<DragonFire1024> Well if I were donating to the foundation i would like to see where that money goes and what its doing. 85% of the money the Foundation receives comes from donations. So I do support that, and it should be a matter of public record.
<dannyisme> I do, along with Board minutes that do not compromise the Foundation.
<DragonFire1024> I also support the minutes being released. Private information should only be striked if absolutely necessary
<Dmcdevit> Okay, now we'll close with any concluding remarks. I'll post some questions we didn't have time for, in case you are inclined to address them.
To what extent do you feel the balance needs to be struck between focusing on the biggest project, the English Wikipedia (which is, ultimately, how we are judged by your average Joe Bloggs on the street), and promoting free content in general through WMF's other projects?
Wikinews has a lower alexa rank than the World of Warcraft wiki. Do you see this as a failure by Wikimedia to provide proper promotion to that project and how do you intend to fix this problem?
Someone wanted opinions on privacy, specifically with respect to TOR.
To what extent do you think the WMF can become multilingual, and what do you hope to do to ease the translation problems? How do you hope to represent the smaller language wikis (not just Wikipedias but Wikisources, Wikinews, and so on) outside of the languages you speak?
Wikimedia is community run but the community is oftentimes vandalistic. What is your approach to solving the issue of vandalism and other deconstructive problems without stopping freedom? Is there a way to be free productively? Or must we be slaves to freedom to prevent abuse?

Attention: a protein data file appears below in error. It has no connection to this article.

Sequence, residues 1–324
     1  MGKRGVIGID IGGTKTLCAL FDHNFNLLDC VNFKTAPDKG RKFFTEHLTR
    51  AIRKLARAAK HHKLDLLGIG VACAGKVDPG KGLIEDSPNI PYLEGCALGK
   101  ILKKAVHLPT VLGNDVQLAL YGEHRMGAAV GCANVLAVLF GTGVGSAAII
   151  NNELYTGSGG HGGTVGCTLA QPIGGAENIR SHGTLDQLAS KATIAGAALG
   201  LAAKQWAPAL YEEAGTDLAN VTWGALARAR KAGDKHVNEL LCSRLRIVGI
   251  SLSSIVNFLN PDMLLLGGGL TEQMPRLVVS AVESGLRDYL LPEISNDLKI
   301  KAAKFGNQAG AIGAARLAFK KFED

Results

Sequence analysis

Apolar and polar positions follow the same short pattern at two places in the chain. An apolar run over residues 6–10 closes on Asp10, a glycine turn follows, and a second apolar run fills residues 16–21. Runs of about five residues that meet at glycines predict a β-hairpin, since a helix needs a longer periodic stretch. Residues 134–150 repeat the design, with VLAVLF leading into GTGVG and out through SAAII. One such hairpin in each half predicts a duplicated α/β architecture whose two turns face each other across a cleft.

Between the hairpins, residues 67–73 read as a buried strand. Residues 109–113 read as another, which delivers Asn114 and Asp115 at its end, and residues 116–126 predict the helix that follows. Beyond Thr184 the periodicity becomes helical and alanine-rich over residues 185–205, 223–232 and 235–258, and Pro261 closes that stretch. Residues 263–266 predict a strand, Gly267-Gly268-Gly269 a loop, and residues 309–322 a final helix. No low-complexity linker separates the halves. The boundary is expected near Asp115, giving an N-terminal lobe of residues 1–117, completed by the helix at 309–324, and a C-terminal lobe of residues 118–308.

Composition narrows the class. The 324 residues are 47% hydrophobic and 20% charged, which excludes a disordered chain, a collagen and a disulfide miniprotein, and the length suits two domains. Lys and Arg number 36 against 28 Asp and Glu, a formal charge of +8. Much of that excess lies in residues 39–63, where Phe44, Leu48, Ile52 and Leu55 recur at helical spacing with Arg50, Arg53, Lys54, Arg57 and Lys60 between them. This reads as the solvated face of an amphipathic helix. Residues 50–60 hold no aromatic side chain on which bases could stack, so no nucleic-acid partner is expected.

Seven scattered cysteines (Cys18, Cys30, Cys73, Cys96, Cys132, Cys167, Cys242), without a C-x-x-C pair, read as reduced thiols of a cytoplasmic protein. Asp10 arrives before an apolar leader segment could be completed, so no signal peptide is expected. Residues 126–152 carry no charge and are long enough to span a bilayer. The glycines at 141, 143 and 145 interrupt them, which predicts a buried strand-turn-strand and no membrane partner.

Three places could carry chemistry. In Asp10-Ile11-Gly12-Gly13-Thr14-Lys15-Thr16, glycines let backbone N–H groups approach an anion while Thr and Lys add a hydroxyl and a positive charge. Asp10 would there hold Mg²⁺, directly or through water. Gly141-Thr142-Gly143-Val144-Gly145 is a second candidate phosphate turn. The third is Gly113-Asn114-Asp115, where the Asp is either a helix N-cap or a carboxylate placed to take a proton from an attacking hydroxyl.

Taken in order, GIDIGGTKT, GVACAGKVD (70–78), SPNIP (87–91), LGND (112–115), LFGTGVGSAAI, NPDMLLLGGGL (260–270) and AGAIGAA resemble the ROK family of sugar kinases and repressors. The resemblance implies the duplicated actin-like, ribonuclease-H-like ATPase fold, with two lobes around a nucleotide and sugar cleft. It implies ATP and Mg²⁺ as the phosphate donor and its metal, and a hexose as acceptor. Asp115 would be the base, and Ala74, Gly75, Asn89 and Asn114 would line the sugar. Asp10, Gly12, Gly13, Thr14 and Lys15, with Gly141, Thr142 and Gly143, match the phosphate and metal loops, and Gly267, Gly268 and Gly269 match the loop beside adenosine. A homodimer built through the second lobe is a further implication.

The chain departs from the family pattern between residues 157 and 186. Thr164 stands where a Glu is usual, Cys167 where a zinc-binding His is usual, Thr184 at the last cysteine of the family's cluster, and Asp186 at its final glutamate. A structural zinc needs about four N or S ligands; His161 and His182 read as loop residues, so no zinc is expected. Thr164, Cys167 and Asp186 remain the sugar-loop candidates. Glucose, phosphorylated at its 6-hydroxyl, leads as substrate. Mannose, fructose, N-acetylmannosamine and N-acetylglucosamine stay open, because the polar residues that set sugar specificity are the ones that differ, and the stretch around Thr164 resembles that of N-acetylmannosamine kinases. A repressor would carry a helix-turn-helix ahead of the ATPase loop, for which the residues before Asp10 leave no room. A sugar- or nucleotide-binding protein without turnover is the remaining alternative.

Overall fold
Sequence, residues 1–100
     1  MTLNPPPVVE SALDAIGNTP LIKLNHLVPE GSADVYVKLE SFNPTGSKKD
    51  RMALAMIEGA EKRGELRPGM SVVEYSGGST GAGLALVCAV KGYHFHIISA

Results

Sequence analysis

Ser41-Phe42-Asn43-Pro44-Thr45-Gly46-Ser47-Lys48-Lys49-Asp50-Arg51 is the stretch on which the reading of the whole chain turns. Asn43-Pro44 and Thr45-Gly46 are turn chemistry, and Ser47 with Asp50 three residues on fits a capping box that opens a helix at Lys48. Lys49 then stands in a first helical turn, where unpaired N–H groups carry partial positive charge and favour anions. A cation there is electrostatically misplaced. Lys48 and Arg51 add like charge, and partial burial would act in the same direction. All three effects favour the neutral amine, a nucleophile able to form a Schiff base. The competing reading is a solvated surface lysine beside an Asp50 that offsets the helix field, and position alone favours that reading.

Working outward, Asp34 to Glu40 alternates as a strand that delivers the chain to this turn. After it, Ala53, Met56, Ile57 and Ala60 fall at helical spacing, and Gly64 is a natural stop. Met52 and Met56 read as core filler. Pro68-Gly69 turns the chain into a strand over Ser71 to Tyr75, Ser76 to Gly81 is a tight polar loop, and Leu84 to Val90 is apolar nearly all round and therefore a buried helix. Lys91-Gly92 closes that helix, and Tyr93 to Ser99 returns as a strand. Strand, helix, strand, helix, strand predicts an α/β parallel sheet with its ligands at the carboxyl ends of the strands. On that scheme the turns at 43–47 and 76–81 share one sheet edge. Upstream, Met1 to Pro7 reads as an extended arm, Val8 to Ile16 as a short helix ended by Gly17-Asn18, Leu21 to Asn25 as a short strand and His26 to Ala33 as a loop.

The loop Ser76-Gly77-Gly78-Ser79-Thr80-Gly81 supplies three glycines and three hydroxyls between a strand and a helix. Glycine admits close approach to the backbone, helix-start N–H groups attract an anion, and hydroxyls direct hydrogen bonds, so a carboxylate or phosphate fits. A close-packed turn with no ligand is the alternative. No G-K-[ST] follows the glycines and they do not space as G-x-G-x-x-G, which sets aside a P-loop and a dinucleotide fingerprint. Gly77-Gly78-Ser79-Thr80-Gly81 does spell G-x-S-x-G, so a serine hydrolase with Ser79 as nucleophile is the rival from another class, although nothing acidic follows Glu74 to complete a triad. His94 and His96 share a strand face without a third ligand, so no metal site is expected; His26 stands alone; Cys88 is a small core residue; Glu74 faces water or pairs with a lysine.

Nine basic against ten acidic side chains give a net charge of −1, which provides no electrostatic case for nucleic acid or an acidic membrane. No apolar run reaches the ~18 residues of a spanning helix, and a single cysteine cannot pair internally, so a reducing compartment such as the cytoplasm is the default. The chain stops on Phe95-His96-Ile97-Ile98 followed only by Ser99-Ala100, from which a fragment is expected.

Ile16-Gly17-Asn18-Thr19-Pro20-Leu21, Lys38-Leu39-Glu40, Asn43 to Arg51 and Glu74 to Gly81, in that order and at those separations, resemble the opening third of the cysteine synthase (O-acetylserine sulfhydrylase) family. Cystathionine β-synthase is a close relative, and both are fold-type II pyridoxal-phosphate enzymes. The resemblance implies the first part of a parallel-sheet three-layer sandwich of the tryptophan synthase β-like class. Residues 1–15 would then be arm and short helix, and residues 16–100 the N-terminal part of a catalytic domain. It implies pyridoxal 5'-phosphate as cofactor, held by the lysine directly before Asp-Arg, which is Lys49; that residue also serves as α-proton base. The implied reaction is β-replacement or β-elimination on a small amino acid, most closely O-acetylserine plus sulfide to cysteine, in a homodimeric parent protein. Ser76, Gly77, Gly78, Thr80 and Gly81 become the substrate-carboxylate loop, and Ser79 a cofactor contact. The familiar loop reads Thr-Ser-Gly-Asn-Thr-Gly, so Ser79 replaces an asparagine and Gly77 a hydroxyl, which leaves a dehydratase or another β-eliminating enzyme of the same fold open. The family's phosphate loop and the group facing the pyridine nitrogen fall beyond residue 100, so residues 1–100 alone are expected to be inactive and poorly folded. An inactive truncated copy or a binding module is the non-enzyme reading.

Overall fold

Okay, that's probably not realistic. Just say what youwant. One minute each, starting with dannyisme. No rebuttals.
<dannyisme> I hope that people look at the bigger picture, at the Foundation, not at the individual components like chapters and projects. They are mature enough to take care of themselves. We have plenty of visionaries. We need people who can see to the very humdrum side of things, like ensuring fiduciary responsibility is maintained and that we are financially secure for a long time to come. English is the largest project, in terms of publicity and money raised through it. The measure of small projects will often be gauged by the success of English, at least until they gain some degree of independence.
<DragonFire1024> Well alexa is inaccurate in that if you do not have their tool bar, the stats are not generated. Point is the Board needs to take into consideration the needs of *every* project when making decisions/policies. The board should involve the community in every way they can. The contributers are who provide the information to the Wikis. Without them, there is nothing. Thats where the collaboration comes in as one goal of the Foundation is collaboration. If the board does not interact with the community, and communities do not interact with each other, there is no collaboration IMO.